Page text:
Find the business category listed below that most closely matches your business. You’ll use the description that follows as a reference when you describe your own business. Each of the business categories requires different skills to run efficiently. Many small businesses involve one or two types of business in the same endeavor.
But if your idea will involve you in several types of business, it may be too complicated for you to run efficiently. As a general rule, small businesses work best when their owners know exactly what they are about and strive for simplicity.
Retail businesses buy merchandise from a variety of wholesalers and sell it directly to consumers. Some retailers provide service and repair facilities, while most do not. Most retailers just take in the goods and mark up the price, sometimes doubling their purchase price to arrive at a sales price. Supermarkets, mail order catalogue merchants, online stores (e-tailers), computer stores, dress shops, department stores, and convenience marts are retailers.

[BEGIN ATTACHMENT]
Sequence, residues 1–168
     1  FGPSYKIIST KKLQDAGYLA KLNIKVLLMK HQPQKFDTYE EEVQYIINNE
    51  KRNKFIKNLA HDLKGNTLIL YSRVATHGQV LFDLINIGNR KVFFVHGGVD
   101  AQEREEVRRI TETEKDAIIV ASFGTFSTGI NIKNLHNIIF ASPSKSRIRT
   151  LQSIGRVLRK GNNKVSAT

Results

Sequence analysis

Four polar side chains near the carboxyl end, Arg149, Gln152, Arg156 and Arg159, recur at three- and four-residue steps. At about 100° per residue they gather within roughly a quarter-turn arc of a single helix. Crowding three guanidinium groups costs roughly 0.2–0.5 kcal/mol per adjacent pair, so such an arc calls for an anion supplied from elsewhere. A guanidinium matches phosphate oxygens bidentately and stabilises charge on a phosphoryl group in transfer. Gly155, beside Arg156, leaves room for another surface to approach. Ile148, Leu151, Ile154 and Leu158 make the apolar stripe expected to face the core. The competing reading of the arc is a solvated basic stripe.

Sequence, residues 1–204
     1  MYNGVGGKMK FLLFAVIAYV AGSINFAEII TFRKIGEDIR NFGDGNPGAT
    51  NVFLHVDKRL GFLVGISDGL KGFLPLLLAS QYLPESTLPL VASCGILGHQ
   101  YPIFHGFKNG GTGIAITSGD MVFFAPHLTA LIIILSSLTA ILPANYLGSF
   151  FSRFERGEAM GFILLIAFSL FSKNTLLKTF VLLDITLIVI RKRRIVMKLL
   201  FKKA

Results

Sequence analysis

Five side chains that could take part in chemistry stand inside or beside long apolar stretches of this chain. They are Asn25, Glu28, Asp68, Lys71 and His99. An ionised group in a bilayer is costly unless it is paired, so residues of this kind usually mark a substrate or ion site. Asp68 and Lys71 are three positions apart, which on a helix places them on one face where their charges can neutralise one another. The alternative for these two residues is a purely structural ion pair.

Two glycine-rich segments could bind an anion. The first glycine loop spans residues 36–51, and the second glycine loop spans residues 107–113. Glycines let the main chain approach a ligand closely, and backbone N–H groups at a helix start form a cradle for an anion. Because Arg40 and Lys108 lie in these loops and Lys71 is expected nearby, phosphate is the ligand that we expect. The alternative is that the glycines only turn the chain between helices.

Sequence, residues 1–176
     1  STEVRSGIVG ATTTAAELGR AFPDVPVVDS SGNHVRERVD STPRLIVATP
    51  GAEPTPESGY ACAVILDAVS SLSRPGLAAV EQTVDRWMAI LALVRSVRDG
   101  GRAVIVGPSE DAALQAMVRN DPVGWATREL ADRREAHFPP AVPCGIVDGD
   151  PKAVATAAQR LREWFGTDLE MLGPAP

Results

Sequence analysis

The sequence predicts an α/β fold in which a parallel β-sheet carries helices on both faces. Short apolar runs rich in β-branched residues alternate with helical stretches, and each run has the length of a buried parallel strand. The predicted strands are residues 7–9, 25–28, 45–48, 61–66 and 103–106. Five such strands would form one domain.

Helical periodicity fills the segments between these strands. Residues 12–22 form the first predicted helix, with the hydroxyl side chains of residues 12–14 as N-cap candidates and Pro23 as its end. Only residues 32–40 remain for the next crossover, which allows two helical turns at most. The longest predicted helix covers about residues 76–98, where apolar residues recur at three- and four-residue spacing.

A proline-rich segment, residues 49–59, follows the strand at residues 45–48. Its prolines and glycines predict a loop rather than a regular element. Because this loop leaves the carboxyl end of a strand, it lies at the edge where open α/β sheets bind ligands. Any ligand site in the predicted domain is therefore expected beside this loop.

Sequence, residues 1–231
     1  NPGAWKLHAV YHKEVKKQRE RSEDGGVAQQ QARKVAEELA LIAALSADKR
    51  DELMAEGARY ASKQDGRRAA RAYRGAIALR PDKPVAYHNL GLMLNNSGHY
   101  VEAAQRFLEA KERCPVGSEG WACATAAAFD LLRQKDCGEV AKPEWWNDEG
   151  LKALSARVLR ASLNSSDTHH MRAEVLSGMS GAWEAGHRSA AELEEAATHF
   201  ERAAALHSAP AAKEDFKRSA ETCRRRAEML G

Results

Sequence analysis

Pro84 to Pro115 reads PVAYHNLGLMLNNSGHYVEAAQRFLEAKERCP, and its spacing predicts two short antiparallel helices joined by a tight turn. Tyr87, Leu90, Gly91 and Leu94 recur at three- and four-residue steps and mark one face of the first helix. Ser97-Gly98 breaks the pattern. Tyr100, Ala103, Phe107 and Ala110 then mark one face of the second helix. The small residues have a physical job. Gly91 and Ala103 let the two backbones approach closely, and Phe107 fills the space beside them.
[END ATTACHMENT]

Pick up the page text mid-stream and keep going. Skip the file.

Wholesalers buy merchandise from manufacturers or brokers and resell the goods to retailers. Normally, a wholesaler maintains an inventory of a number of lines. A wholesaler normally does not sell to consumers, in order to avoid competing with his retailer customers. Wholesalers usually offer delivery service and credit to customers. This type of business is characterized by low gross profit margins (sometimes varying between 15% and 33% of the wholesaler’s selling price) and high inventory investment.
Manufacturers assemble components or process raw materials into products usable by consumers or other businesses. This type of business ranges from an artisan who makes craft items to Toyota. The most difficult part of the manufacturing business is to find a product, or even better, a series of products, that have acceptance in the marketplace and generate a steady sales volume. Or, as one businessperson put it: “Production without sales is scrap.”